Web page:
Per Matt
Trauma is a terrible thing. Each and every person may experience it at some point in their lives. So, when you bring four characters together to form a family, placing them into equally hostile environments, each one is bound to react differently. Amazon’s Them follows the Emory family as they flee the Deep South to encounter something sinister in Compton, California during the 1950s.

There seems to be a whole lotta evil compacted into this limited anthology series. Does it involve the not-so-hidden hatred proudly possessed by handful of gossip queens making up the most unwelcoming neighborhood committee? Could it come from the the teasing teenagers at a nearby high school? What about the military-grade PTSD suffered by the patriarch? Or does it come from the shadow person playing games with the youngest member of the family? Something supernatural is definitely afoot in this newly integrated neighborhood.

As introduced in the series premiere, “Day 1,” our main characters don’t receive much peace after someone strange and incredibly creepy wanders up to their house, seeking permission to take away their child. Just as the displayed text outlines, six million African-Americans relocated from the rural South to the Northeast, Midwest and Western U.S. between 1916 and 1970 during a time period known as the Great Migration and this is when we find our main characters moving into a house, sight unseen. Within the first few days, they’re already feeling unwanted.

“There’s something bad in this house. I don’t like it.”

Truer words have never been spoken… and by one of the youngest — Read: smartest — characters of the show. Slowly but surely, it seems like each family member is slowly losing their minds. Always remember: It takes crazy to defeat crazy, so it feels like the storyline is progressing nicely toward a major battle for sanity by the season finale.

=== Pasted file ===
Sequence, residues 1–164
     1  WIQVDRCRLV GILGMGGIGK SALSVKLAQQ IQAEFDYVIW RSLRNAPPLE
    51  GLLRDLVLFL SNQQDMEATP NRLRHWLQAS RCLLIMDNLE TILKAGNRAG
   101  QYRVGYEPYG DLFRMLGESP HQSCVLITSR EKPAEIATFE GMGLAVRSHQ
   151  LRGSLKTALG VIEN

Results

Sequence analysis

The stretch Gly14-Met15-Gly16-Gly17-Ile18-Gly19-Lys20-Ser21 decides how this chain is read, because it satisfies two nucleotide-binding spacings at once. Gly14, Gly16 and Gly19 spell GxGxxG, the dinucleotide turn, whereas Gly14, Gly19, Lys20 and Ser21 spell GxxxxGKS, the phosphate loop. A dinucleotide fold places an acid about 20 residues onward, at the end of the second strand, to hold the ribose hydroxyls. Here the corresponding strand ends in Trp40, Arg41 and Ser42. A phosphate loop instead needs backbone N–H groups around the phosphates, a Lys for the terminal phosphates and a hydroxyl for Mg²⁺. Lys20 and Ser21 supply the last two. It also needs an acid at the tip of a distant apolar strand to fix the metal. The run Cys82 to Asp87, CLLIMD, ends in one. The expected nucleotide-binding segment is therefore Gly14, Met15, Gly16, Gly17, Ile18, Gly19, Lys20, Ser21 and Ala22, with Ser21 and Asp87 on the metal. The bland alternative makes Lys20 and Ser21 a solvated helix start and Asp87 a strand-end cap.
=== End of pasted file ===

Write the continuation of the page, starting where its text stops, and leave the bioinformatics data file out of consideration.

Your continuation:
The ongoing theme for this series seems to explore the terror of being Black in 1953. Sure, there’s some ongoing dark secrets and social commentary that’s slowly developing, but after watching two episodes, I’m most interested in the spooky shadow person lurking deep within the basement. What kind of purpose does it have? Did it follow the family to California? What will it take for the adults to finally decide to confront it? Here’s to hoping the youngest character summons the strength to defeat it.

Now, let’s get back to the blatant racism. The show was written to be painful to watch, and painful it is. Little Marvin has definitely succeeded on that front. Some critics have described this show as fictionalized, despicable history and “black trauma porn,” all of which is fair. But for a show that will only air 10 episodes, it seems like the showrunner may have bitten off more than he could chew for the first season, as there’s just so much drama going on, there’s no way every topic can be fully explored surrounding each family member within that timeframe. That was my takeaway, at least.

Are these characters slipping into insanity? Them produces bizarre scenarios that are so cringe inducing and hard to watch, they’re laugh-worthy. As in, this scenario can’t get any worse, right? And how do I respond when it does? An inadvertent and sympathetic laugh, hoping the painful situation doesn’t last much longer. I don’t know, maybe I’m the one who’s losing it. I cannot wait to see more from this Amazon series in order to find out how much terror I can withstand for these characters.